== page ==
“It was a border area, a transit zone where people of different races, cultures and religions encountered one another. Galilee therefore became a symbolic place for the opening of the Gospel to all peoples. From this point of view, Galilee resembles today's world: the co-presence of various cultures, the need for comparison and encounter. We too are immersed every day in a 'Galilee of the Gentiles', and in this type of context we can become fearful and give in to the temptation to build barriers, to feel more secure, more protected. But Jesus teaches us that the Good News He brings is not reserved for a part of humanity, but rather is to be communicated to all. It is a joyful proclamation, destined to all those who await it, but also to those who perhaps no longer await anything, or who no longer have even the strength to seek and to ask”.

Setting out from Galilee, Jesus “teaches us that no-one is excluded from God's salvation; on the contrary, God prefers to begin in the periphery, with those who are last in line, to reach everyone. He teaches us a method, His method, which however expresses the content, the mercy, of the Father. … We are all invited to heed this call, to come out of our own comfort zone and reach out to the peripheries in need of the light of the Gospel”.

Jesus began his mission “not only from a location far from the centre, but also with men one might describe as having a 'low profile'. To choose his first disciples and future apostles, he did not seek in the schools of scribes or among doctors of the Law, but among simple people committed to preparing themselves for the coming of the Kingdom of God. Jesus goes to call them where they work, on the banks of the lake: they are fishermen. He calls them and they follow Him, immediately. They leave their nets and go with Him; their lives become an extraordinary and fascinating adventure”.

“The Lord calls today too! The Lord passes along the streets of our everyday lives. Today, too, in this very moment, the Lord passes through the squares. He calls us to go with Him, to work with Him for the Kingdom of God, in the 'Galilees' of our times”.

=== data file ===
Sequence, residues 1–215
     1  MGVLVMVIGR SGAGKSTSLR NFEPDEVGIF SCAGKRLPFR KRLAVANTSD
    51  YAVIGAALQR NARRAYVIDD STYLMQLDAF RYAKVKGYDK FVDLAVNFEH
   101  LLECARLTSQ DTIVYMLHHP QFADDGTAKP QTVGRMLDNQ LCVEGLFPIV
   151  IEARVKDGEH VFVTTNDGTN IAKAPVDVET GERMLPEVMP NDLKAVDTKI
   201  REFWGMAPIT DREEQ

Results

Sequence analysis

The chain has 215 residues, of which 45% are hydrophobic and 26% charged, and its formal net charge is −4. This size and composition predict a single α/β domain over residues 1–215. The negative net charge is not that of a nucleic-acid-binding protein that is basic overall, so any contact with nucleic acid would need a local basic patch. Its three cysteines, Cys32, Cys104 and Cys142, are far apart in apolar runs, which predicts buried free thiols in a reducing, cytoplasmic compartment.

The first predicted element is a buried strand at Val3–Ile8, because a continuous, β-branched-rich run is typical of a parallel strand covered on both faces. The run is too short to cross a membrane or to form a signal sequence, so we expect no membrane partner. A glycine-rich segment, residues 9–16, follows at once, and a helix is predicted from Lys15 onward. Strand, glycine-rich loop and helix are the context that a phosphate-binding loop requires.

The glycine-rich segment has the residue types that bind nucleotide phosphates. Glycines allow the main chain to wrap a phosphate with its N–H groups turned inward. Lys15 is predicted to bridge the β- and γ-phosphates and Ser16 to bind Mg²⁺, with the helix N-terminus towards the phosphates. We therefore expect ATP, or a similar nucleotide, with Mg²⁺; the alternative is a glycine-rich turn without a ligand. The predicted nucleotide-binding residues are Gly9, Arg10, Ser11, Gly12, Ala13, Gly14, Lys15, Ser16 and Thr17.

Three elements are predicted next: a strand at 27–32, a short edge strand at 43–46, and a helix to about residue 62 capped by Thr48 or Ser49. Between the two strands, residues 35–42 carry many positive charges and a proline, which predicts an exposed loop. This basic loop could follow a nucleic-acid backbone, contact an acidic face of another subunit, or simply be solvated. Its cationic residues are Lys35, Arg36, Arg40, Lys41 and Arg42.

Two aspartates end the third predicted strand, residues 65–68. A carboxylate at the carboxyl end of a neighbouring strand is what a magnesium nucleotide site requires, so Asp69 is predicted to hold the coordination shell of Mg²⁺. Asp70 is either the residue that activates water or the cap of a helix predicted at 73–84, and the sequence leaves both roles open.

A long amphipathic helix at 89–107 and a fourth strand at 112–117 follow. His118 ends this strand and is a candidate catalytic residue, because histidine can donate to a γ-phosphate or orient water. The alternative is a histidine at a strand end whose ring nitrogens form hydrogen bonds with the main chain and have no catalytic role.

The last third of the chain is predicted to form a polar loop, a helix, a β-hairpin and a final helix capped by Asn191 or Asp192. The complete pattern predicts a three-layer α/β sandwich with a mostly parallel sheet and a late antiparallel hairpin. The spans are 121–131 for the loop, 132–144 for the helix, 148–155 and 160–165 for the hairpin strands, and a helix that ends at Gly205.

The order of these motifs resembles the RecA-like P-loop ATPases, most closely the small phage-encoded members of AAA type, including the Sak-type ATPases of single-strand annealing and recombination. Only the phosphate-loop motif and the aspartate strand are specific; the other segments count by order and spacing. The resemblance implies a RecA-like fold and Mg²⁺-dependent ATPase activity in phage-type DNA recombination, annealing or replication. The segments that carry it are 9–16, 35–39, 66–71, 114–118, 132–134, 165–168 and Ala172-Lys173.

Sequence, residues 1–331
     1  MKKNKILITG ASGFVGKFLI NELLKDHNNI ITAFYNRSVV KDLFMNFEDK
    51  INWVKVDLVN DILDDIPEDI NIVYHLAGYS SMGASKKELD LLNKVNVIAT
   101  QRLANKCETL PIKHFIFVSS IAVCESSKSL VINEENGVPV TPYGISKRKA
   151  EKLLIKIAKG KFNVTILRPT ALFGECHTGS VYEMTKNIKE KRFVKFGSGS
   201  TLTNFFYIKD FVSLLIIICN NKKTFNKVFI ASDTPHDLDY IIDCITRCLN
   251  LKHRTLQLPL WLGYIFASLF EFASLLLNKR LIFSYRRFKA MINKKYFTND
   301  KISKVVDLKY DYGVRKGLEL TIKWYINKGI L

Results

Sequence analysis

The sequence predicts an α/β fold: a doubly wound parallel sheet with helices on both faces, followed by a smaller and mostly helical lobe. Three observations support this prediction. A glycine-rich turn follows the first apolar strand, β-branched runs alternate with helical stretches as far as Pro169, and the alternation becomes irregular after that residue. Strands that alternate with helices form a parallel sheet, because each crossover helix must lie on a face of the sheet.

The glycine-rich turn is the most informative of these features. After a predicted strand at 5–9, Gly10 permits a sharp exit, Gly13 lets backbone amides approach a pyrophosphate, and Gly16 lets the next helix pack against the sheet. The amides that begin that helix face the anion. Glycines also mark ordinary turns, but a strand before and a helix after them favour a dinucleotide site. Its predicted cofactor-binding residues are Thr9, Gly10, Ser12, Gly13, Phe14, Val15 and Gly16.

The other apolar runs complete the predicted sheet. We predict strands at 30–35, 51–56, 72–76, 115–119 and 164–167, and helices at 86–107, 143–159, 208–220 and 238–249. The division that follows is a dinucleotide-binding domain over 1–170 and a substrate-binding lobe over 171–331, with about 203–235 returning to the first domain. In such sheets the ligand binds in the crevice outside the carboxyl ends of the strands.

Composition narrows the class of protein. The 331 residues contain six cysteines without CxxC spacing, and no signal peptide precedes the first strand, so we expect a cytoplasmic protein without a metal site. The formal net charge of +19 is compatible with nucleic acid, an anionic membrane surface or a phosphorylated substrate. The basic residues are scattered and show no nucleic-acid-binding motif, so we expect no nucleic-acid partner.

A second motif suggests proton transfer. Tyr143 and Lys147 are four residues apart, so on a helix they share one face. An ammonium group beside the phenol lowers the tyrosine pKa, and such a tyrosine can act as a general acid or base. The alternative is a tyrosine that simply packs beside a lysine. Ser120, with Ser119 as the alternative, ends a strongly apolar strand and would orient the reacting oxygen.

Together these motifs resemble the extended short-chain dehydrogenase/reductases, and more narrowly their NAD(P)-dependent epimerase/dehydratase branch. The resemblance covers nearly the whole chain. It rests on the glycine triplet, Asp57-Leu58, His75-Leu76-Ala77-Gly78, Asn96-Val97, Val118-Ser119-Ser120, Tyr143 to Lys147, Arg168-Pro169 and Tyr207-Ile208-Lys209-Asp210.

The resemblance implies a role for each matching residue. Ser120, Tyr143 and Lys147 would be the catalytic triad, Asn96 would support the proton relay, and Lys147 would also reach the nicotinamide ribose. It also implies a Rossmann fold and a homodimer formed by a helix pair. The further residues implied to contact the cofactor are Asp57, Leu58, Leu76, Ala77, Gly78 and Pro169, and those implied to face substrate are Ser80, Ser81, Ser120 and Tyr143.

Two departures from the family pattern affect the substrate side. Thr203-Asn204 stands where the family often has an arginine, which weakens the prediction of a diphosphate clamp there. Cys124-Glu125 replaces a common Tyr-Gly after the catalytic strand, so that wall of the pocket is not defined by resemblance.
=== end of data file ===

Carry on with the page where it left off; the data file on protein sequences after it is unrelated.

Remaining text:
Vatican City, 27 January 2014 (VIS) – Following the Angelus prayer, the Holy Father recalled that “today is World Leprosy Day; this disease, although in regression, unfortunately still affects many people causing grave suffering. It is important to maintain solidarity with these brothers and sisters”, and asked those present to assure their prayers for all those who are afflicted.

Francis prayed for those affected by the violence in Ukraine, and for little Coco Campolongo, the three-year-old boy killed last week, burned inside a car in Cassano all'Jonio.

The Pope also mentioned that, over the next few days, millions of people from the far East, including Chinese, Koreans and Vietnamese, will celebrate the new lunar year. He expressed his wish to all of them for a celebration full of joy and hope.

Before greeting all the pilgrims present in the square, the Pontiff dedicated some words to Maria Cristina of Savoy, proclaimed a Blessed last Saturday in Naples. “A woman of profound spirituality and humility, she took upon herself the suffering of her people, becoming a true mother to the poor”, he said. “Her extraordinary example of charity demonstrates that the good life of the Gospel is possible in all environments and irrespective of social status”.

Finally, two young people from Catholic Action read a message of peace to the Pope, for the conclusion of the “Caravan of Peace”. Pope Francis then released two doves from the window of his study as a symbol of peace.